- Drivers being required to adhere to company standards set forth in a guidebook
- Company advertising that it maintains its own fleet of vehicles
- Employers controlling the workload of the drivers and not allowing substitution of drivers
- Companies giving specific instructions to their drivers as to how to load, transport and unload shipments
- The practice of prohibiting drivers from using their own vehicles to provide services to other companies
- Internal employer evaluation of the performance of its drivers
- The requirement the drivers use certain routes on pick-ups and deliveries, drive trucks with the company logo and wear company uniforms

In short, companies that exercise control over the payment, routes, manner of delivery, and the ability of their drivers to work for other companies were deemed to be misclassifying employees as independent contractors. As a result, expensive settlements were reached to provide the drivers with lost workers' compensation, overtime, minimum wage, and other benefits. Ironically though, transportation companies have arguably benefited from the aggressive plaintiff litigation tactics since it has forced the industry to develop policies and procedures consistent with delegating control over duties to the drivers and preserving the independent contractor relationship. These practices include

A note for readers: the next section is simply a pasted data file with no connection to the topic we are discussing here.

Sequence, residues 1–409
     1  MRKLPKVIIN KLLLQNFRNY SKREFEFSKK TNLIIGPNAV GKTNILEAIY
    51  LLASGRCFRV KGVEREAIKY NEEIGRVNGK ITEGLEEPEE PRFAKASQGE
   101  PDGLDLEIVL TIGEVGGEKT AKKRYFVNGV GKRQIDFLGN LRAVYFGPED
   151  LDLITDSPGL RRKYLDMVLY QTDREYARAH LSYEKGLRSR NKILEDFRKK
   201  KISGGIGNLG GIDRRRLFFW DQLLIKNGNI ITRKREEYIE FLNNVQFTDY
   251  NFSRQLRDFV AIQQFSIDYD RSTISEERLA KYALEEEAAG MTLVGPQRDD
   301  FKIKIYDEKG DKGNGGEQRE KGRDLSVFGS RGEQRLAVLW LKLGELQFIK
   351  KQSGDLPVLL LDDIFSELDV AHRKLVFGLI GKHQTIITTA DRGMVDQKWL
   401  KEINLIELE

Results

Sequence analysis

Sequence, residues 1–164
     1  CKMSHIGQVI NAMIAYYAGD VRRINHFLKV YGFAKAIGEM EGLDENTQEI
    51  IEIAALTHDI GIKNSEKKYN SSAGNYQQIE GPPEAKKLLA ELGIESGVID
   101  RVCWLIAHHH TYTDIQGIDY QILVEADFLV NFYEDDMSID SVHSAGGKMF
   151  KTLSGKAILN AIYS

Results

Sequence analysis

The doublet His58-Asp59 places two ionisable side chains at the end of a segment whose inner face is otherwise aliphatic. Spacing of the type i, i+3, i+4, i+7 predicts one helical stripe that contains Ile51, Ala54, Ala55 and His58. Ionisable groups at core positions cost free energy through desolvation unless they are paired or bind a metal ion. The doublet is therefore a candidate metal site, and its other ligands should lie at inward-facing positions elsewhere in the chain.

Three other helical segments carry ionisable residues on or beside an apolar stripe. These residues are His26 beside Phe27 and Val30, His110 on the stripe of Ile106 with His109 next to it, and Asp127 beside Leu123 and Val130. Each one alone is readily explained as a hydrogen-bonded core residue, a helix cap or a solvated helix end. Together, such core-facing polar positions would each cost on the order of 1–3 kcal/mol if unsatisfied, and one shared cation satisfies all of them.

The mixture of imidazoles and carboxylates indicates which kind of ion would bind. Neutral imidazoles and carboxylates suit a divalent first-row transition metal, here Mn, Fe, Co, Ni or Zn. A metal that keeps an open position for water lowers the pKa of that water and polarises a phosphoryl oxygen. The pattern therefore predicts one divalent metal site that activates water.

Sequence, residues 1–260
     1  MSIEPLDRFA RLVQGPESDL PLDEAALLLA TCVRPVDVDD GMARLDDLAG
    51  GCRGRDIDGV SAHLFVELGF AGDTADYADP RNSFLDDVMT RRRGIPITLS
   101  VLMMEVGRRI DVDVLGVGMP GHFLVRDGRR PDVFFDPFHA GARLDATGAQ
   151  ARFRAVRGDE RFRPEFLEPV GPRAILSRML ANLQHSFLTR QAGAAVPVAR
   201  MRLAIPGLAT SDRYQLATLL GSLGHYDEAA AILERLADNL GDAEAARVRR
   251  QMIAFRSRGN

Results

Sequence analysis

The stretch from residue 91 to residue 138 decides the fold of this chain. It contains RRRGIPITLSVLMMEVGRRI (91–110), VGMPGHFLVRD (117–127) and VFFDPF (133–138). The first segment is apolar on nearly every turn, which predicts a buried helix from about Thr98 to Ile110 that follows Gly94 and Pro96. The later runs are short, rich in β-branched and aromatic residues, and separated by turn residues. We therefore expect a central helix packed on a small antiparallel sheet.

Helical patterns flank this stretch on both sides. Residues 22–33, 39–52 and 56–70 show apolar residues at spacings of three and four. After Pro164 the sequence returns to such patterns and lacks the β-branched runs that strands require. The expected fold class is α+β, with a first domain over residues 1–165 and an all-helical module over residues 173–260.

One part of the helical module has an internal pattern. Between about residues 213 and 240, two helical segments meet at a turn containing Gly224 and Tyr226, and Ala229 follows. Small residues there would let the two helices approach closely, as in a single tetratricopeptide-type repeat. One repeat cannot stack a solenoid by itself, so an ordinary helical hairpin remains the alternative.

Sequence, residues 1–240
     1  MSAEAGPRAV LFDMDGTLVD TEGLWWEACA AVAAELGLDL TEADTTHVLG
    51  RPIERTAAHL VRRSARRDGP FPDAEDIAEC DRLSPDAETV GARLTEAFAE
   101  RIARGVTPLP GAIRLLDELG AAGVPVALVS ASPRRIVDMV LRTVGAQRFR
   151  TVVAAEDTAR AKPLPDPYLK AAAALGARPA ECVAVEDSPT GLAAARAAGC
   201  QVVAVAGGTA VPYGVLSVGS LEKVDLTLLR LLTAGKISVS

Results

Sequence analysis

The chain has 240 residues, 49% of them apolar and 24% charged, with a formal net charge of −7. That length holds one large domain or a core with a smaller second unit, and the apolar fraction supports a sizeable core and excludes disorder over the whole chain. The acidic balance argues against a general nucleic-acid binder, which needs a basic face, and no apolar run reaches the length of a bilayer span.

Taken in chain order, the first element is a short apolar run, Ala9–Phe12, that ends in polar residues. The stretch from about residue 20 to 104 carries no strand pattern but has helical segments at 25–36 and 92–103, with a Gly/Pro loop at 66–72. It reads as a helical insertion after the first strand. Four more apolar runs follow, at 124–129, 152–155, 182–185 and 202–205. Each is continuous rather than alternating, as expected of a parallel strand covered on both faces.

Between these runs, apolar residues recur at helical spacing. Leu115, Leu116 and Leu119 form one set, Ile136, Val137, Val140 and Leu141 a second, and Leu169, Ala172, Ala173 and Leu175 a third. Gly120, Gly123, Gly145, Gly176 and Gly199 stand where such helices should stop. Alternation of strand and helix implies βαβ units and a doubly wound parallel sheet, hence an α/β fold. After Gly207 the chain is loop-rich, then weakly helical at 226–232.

- Allowing the independent contractors the freedom to accept or turn down loads with the exception that drivers need to be shut down when they are close to exceeding federal hours of service limits